Many of the ideas in this post actually come from my friend Unny Nambudiripad, but Unny doesn’t blog, so I’ll have to write this up for him. The other day I was talking with Unny and Lisa Kimball about a nonprofit Lisa had looked at. She was disturbed because they’d spent their entire budget on salary. Unny and I didn’t think that was a problem, and Unny had a very good take on how to evaluate a nonprofit organization’s donation worthiness.
Since I’m looking for work these days, I’ve been doing a lot of interviewing. An interview is a potential employer’s chance to learn more about me, but it’s just as important that I learn about them. I think in an ideal interview, I spend at least as much time asking questions as answering. Over the years, I’ve created a standard list of questions that I want answered. What do you like best about working there?
(I’m still looking for a new position. Please check out my resume and contact me if you’re looking for a great Perl developer.) I was talking this weekend with Matt Mackall about Python 3 and Perl 6. Matt is the creator of Mercurial, so he is deeply invested in Python. He was asking about the relationship between Perl 5 and Perl 6, and we were comparing it with the relationship of Python 2 and 3.
(I’m still looking for a new position. Please check out my resume and contact me if you’re looking for a great Perl developer.) There was a lot of interest in Chloro, my new form library, when I blogged about it last week. I just released 0.01. I’ve started integrating Chloro into a web app that I’m developing, and I really like using it so far. That said, this release should be considered an alpha, and I reserve the right to completely rewrite it for the next release.
(I’m still looking for a new position. Please check out my resume and contact me if you’re looking for a great Perl developer.) Perhaps I should title this entry “Building a Slightly Less Horrible Form Library.” When I mentioned form processing in the Moose IRC channel recently, mst said “form modules are … satan”. That sounds about right. I’ve looked at a number of form libraries over the years. Recently I started using HTML::FormHandler (HFH) in an application I’m working on, but eventually I realized it just didn’t work for me.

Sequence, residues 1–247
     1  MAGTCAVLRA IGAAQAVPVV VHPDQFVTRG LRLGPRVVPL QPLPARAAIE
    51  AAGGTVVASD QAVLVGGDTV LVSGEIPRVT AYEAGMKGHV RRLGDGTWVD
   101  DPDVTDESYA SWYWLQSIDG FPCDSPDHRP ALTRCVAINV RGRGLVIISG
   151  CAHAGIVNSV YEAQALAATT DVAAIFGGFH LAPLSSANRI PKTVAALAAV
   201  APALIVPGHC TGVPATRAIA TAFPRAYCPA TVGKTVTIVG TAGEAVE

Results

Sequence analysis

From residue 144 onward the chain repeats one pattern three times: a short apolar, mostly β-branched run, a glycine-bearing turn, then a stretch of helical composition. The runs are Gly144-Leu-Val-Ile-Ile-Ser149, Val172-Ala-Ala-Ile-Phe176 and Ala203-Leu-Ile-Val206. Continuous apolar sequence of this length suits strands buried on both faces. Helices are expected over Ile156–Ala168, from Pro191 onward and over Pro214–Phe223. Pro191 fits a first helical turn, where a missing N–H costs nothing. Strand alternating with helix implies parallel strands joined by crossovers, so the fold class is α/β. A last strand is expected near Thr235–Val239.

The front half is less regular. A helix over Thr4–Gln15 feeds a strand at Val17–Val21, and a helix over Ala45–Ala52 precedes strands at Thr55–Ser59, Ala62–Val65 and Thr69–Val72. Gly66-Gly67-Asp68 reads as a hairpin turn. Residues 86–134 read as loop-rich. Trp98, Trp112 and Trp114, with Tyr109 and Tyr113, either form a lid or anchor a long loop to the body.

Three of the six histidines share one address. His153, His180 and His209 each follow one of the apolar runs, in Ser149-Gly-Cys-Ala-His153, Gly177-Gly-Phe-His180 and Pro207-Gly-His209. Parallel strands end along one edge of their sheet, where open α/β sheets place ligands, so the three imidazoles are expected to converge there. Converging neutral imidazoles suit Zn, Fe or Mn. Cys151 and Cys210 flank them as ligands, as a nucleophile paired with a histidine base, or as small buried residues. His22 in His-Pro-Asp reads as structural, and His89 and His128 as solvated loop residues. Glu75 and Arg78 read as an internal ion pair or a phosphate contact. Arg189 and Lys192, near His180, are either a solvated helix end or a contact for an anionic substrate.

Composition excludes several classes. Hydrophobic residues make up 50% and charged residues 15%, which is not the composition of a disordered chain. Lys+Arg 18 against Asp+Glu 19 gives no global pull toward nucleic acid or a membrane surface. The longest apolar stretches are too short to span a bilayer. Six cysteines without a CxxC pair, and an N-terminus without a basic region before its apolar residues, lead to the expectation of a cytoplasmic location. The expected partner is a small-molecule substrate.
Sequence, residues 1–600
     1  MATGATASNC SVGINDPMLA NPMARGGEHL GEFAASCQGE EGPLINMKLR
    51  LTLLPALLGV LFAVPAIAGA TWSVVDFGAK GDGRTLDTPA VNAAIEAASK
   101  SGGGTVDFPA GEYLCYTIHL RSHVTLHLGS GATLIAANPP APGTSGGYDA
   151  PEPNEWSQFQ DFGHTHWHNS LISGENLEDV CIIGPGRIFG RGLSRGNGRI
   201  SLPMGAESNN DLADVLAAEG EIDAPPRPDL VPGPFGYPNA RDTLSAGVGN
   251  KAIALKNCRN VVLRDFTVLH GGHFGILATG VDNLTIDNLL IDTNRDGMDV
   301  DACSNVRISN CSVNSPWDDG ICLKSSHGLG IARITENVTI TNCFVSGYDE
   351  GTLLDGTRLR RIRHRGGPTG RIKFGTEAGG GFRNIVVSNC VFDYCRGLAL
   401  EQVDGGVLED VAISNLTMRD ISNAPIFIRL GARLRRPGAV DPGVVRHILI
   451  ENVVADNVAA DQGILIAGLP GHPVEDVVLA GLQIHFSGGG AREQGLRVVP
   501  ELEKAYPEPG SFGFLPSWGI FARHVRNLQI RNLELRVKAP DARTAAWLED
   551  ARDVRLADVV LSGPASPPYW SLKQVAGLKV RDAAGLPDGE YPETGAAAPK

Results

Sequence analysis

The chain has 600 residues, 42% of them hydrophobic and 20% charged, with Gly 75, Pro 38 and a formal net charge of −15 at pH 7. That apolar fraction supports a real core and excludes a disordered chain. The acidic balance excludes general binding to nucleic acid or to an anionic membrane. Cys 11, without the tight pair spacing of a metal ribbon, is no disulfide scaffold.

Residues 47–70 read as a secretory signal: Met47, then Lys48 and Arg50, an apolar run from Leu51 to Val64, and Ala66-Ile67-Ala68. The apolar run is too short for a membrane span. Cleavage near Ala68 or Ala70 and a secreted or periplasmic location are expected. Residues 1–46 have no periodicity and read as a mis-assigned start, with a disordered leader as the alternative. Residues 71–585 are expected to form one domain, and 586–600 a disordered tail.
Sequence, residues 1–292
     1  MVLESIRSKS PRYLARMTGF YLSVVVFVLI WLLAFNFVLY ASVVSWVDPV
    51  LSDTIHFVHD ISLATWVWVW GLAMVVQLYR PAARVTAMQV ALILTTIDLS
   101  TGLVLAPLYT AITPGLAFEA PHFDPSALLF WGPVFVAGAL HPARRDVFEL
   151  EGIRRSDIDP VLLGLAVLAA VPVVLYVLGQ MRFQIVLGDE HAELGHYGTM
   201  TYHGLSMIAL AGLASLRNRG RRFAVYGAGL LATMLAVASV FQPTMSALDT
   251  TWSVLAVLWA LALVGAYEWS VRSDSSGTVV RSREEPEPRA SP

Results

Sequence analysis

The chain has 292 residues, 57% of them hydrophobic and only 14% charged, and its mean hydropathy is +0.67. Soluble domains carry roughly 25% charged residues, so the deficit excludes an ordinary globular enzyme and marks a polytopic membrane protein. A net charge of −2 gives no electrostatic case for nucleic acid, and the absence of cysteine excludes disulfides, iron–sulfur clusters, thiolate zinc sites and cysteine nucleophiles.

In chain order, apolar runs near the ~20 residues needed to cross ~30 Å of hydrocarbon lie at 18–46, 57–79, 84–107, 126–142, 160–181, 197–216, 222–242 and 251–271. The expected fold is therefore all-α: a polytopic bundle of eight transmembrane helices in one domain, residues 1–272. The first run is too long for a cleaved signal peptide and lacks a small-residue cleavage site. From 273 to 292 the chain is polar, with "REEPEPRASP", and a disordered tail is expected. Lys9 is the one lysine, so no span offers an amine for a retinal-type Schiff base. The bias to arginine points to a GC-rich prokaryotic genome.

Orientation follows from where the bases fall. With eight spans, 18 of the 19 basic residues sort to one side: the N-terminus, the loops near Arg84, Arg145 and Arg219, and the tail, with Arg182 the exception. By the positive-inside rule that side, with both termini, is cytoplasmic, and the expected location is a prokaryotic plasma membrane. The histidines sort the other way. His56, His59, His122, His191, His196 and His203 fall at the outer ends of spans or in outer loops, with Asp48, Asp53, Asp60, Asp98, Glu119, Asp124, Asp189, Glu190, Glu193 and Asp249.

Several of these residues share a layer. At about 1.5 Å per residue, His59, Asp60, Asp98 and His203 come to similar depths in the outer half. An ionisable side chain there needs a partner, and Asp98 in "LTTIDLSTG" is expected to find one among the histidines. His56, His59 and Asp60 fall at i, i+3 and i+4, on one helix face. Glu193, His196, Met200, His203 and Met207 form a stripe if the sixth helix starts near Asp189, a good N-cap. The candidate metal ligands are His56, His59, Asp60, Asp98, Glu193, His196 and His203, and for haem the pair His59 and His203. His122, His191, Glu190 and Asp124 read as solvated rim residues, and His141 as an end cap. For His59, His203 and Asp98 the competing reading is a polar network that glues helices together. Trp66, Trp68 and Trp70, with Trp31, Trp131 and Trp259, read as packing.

Perl Best Practices (PBP) was released in 2004, about 7 years ago. Perl is a great language, but its culture of TIMTOWTDI can be a problem. These days, we often hear that “there’s more than one way to do it, but sometimes consistency is not a bad thing either” (TIMTOWTDIBSCINABTE). PBP deserves a lot of credit for encouraging discussion about the downsides of TIMTOWTDI. PBP has a lot of recommendations. A lot of them are fairly trivial, like recommendations on code formatting.
I’ve been spending a fair bit of time working on Perl 5 core documentation. I started by editing and reorganizing some of the documents related to core hacking. This update will be in 5.14, due to be released in April. I’m also working on replacing the existing OO tutorials and updating the OO reference docs, though this won’t make it into the 5.14 release. There’s been a lot of discussion on my OO doc changes, some of it useful, some of it useless, and some of it very rude (welcome to p5p!
Recently I’ve been working on revising the Perl 5 core OO documentation, starting with a new OO tutorial. My first draft used Person and Employee as my example classes, where Employee is a subclass of Person. After I posted the first draft, several people objected to these particular classes. I realized that I agreed with their objections, but I wasn’t able to come up with anything better. I brought this up on the #moose IRC channel, and we had a really interesting discussion.
My last post on Changes files purported to be both a how-to and how not-to, but I got a bit carried away with the how not-to part. Several comments since that post made excellent points, so here’s the summary. Kent Fredric says “don’t be lazy and just copy the output from ‘git log’ into your Changelog.” Yes, a thousand times yes! Remember, the Changes file is for end users of your library, and we don’t care about all the little details.